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Rettová, Alena (2015) 'A solitary war? Genre, community and philosophy in Swahili culture.' Journal of African Cultural Studies, 28 (2). pp. 209-224.

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Abstract

This article explores individual and collective forms of knowledge production and their relevance for African philosophy, where collective beliefs are dubbed ‘ethnophilosophy’ and decried as a surrender of critical reason. This article uses evidence from two case studies: the free-verse poetry that devils use to communicate with humans in William Mkufya’s Swahili novel Ziraili na Zirani and the dialogic poetry called ngonjera, a new genre invented by Mathias Mnyampala for the propaganda of ujamaa (Tanzanian socialism). Genre plays a major role in the expression of philosophical ideas, and this article studies how these two specific genres configure philosophical reflection and how they determine the philosophical content of texts. Swahili free-verse poetry has had a philosophical slant since its inception in the poetry of poets such as Euphrase Kezilahabi. Thanks to this intellectual propensity, the genre easily accommodates the philosophical ideas with which Mkufya loads his poems, asking about the nature of reality or about the being of God. Mnyampala’s invention of ngonjera takes place against the backdrop of traditions of negotiation and conflict resolution through speech (palaver) and through poetry (malumbano ya ushairi or kujibizana). The reference to these traditions gives ngonjera the appearance both of being rooted in ‘traditional culture’ and of partaking of processes of democratic achievement of consensus.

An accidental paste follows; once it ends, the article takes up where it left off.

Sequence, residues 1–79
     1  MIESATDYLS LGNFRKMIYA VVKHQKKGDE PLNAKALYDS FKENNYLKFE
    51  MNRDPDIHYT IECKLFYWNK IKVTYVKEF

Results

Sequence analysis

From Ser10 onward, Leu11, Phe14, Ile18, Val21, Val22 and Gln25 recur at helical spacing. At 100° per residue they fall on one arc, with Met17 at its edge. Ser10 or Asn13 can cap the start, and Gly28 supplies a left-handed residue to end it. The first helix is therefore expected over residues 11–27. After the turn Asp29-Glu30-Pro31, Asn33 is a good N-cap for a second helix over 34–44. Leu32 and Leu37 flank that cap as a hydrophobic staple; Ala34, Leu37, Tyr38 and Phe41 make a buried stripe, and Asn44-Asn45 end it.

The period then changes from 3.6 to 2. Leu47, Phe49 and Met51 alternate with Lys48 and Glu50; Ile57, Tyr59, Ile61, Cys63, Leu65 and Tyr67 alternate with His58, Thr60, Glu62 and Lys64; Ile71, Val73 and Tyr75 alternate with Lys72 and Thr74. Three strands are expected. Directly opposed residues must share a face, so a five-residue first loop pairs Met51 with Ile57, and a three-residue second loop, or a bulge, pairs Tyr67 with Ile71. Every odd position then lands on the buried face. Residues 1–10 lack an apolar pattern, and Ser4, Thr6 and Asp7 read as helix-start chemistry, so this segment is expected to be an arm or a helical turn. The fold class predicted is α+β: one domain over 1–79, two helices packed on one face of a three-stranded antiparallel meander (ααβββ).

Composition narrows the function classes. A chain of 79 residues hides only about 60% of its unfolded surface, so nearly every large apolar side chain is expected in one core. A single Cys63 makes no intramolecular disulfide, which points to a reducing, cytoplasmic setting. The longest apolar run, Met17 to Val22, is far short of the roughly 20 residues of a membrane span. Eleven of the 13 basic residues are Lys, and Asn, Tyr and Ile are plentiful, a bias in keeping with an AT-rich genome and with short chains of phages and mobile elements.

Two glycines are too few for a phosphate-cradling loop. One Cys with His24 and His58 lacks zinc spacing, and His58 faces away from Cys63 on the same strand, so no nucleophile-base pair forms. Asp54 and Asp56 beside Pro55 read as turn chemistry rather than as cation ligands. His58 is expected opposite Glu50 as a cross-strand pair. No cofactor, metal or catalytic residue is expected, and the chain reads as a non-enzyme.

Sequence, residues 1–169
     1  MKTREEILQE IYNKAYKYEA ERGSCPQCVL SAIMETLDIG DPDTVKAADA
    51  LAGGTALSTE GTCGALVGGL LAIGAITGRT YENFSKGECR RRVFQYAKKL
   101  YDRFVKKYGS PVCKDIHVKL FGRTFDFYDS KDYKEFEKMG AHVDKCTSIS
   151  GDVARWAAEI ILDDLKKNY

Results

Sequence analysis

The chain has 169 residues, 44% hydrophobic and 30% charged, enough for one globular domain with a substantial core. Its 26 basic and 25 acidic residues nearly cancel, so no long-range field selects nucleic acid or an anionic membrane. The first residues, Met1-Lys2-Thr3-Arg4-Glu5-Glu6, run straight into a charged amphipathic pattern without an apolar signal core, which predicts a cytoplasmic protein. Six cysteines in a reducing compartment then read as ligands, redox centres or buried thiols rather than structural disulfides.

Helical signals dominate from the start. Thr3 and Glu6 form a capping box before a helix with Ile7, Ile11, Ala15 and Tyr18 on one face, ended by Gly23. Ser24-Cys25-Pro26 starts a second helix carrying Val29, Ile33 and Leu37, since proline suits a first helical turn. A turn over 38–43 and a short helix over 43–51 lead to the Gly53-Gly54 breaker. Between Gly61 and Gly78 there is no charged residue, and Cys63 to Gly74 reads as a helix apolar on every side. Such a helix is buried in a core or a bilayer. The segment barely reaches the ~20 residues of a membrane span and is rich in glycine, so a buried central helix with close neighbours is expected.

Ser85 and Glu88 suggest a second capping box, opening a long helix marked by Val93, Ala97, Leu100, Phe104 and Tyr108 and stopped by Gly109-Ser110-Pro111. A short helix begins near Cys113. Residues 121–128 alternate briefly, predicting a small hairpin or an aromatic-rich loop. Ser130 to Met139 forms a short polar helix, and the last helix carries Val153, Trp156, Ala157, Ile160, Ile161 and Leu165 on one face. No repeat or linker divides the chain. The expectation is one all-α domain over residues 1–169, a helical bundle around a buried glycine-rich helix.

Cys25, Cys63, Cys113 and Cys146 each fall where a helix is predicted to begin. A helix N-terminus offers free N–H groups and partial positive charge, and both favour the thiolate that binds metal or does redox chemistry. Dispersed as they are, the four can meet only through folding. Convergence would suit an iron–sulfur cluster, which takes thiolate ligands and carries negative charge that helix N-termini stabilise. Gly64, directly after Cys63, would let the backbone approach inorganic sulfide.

Item Type: Journal Article
Additional Information: Published Online 24 June 2015 - From forthcoming special issue: Afrophone Philosophy
SOAS Departments & Centres: Legacy Departments > Faculty of Languages and Cultures > Centre for Cultural, Literary and Postcolonial Studies
Legacy Departments > Faculty of Languages and Cultures > Department of the Languages and Cultures of Africa
ISSN: 13696815
DOI (Digital Object Identifier): https://doi.org/10.1080/13696815.2015.1057698
Date Deposited: 28 Sep 2015 10:20
URI: http://eprints.soas.ac.uk/id/eprint/20937

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